NIR OZ, Israel (AP) - The Hamas attack on the kibbutz of Nir Oz started a little after 6:30 a.m. on Oct. 7 and lasted long into the afternoon, with dozens of militants rampaging unopposed through the community with an apparent mission: To capture as many civilians as possible.
By the time the last militant left, one in five residents of Nir Oz was a hostage. The remaining residents emerged from their safe rooms and gathered together in a shelter, spending the long night tallying the missing.
Eight weeks into the Israel-Gaza war, the recent release of dozens of Israeli hostages - with as many still in captivity - is bringing new focus on what Hamas did on Oct. 7, the day its fighters rounded them up from communities across southern Israel. The kibbutz of Nir Oz, where militants rampaged unopposed, is perhaps the best place to understand Hamas' hostage strategy, an operation unprecedented both in its scope and execution.
More than 100 Palestinian militants stormed Nir Oz on Oct. 7 for hours and left with some 80 of its roughly 400 residents. People from Nir Oz made up a third of the 240 hostages taken in all and nearly half of the Israelis released, with more than 30 still in Gaza. For Israelis, Nir Oz embodies their country's vulnerability that day, with the absence of Israeli security forces, the capture of unprotected civilians, their deaths and disappearance into Gaza and their subsequent exchange for Palestinians.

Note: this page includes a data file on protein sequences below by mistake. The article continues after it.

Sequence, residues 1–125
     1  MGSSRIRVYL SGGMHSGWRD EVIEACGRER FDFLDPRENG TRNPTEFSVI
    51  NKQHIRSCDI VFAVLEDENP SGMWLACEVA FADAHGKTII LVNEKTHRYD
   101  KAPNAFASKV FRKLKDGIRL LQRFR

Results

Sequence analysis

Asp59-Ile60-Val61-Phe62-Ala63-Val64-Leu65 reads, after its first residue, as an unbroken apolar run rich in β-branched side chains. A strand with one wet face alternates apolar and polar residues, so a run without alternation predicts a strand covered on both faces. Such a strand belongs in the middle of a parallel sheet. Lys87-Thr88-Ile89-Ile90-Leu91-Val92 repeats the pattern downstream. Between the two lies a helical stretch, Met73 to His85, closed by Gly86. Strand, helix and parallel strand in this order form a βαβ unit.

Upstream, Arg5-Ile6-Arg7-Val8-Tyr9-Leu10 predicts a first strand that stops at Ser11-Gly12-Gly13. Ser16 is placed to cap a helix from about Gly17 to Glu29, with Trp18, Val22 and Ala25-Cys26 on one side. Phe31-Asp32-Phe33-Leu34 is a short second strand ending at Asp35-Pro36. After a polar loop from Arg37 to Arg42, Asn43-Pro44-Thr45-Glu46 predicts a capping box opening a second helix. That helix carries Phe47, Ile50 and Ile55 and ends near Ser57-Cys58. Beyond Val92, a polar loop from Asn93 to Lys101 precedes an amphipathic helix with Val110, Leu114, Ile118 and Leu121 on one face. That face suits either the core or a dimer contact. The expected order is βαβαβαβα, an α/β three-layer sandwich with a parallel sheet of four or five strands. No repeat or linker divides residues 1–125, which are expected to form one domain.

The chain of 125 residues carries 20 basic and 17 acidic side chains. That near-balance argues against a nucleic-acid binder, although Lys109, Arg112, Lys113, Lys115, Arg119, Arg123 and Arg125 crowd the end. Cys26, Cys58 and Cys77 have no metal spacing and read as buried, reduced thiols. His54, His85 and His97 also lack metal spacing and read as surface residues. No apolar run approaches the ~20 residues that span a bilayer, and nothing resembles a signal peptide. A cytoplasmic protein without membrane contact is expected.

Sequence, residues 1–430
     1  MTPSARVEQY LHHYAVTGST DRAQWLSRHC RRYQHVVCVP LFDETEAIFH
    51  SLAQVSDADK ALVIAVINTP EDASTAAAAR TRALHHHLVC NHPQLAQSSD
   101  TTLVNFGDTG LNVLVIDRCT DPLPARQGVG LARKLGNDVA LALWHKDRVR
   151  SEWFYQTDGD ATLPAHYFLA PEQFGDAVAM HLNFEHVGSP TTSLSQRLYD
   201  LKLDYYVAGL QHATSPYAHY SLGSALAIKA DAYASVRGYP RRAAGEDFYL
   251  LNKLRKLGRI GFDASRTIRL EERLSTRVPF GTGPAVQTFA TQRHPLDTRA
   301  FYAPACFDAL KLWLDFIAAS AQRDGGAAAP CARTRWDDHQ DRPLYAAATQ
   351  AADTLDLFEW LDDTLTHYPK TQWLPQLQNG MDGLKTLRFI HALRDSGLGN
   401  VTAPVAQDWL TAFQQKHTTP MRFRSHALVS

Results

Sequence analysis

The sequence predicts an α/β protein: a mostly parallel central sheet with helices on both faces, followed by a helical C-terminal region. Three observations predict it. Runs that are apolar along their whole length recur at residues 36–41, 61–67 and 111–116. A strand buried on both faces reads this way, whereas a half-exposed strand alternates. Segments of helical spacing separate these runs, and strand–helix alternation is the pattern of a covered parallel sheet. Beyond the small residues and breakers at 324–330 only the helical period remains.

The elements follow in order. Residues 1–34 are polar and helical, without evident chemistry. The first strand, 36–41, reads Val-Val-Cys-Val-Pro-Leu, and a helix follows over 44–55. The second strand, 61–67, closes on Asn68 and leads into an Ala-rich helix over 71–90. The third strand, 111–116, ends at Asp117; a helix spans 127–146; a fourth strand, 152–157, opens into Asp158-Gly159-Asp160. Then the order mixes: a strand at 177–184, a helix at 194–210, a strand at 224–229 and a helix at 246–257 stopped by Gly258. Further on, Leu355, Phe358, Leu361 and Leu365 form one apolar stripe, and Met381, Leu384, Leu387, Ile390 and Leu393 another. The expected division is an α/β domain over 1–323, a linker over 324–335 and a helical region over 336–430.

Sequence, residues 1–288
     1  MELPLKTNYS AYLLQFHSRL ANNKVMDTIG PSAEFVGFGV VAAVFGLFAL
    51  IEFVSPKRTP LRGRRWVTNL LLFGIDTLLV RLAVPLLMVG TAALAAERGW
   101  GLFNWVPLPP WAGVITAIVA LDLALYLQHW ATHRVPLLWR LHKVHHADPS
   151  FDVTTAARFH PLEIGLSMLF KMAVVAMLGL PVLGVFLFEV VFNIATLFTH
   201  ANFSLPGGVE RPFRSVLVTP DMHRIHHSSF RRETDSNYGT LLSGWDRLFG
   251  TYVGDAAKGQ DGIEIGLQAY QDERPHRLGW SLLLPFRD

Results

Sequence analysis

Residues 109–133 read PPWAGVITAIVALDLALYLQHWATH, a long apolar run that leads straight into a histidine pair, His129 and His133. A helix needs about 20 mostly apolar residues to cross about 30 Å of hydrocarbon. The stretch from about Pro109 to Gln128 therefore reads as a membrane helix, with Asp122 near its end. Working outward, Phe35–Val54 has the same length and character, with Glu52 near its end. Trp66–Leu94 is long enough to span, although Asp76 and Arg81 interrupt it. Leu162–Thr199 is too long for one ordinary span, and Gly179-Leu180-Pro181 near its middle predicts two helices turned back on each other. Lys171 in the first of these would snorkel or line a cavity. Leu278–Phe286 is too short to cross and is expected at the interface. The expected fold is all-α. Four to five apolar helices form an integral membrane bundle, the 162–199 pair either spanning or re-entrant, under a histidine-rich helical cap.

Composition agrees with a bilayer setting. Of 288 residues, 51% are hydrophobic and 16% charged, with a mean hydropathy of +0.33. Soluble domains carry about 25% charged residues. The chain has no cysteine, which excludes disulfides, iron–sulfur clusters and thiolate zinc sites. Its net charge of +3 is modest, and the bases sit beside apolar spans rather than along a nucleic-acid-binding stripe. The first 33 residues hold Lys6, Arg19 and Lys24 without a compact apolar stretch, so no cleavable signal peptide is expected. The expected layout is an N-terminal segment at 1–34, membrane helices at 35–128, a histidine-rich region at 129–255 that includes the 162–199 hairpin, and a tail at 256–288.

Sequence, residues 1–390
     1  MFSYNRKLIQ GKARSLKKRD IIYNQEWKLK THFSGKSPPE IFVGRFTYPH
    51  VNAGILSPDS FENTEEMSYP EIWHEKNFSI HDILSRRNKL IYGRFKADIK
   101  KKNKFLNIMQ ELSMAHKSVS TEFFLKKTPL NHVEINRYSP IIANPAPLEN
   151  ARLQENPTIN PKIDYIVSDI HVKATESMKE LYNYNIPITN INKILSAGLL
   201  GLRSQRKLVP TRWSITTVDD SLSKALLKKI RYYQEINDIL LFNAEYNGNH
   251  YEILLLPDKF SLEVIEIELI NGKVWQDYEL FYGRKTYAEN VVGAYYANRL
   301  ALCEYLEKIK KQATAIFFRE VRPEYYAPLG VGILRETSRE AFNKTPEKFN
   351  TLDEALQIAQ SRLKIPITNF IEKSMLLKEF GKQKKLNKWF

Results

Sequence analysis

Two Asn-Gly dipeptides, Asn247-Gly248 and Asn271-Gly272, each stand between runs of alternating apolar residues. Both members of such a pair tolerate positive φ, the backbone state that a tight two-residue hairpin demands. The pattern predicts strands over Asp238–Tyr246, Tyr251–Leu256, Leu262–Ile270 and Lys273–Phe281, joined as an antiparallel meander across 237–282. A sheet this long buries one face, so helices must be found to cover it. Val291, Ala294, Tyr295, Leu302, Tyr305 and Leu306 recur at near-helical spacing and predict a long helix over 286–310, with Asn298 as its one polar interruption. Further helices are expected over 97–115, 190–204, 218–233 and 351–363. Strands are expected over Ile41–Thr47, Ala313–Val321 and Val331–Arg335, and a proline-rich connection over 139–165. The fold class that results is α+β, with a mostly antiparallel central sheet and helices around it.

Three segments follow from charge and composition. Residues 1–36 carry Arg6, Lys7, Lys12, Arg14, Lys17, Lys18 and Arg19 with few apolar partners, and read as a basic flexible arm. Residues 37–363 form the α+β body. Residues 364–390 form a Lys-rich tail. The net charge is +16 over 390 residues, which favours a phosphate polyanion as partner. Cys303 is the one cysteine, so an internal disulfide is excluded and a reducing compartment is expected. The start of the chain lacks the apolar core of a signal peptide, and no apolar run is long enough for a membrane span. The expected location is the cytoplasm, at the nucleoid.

The men who shot out the guard post at dawn on Oct. 7 were the first of about seven groups of armed fighters. They carried out their plan relentlessly as messages flew back and forth on the kibbutz chat and WhatsApp groups.
9:16 a.m. "How do you lock the safe room?????"
10:15 a.m. "We are officially hostages."
10:19 a.m. "They are threatening to blow up the house if we don't open up."
One by one, people dropped out of the flow of messages. Some later appeared in Hamas videos.
One terrified mother clutches her two redheaded toddlers as they are led away in a blanket, her eyes huge with fear. A boy is hauled away by his armpits. An elderly woman is pulled to her feet after tumbling off a motorcycle.
Those seized from the kibbutz ranged in age from 9 months to 85 years. More than half were women and children. All 13 Israeli hostages released in the first exchange on Nov. 24 were from Nir Oz, and they bought the freedom of 39 Palestinian prisoners from Israel.
A review of hundreds of messages among Nir Oz residents shared exclusively with The Associated Press, direct interviews with 17 and accounts from many more, security camera footage and Hamas' own instruction manuals suggests that the group planned well ahead of time to target civilians. Four experts in hostage situations agreed that Hamas' actions, both on the day of the attack and afterward, indicated a plan to seize civilians to prepare for the war to come.
Danielle Gilbert, a political scientist at Northwestern University who researches hostage-taking, said Hamas and other armed groups generally use hostages as human shields or as currency to negotiate an exchange. But the difference here, she said, is that most armed groups take able-bodied adult men.
"It is extremely rare for armed groups to kidnap children, to kidnap women, to kidnap the elderly and people who are otherwise vulnerable," she said. "The hostage-taker needs to make sure that their hostage can survive captivity."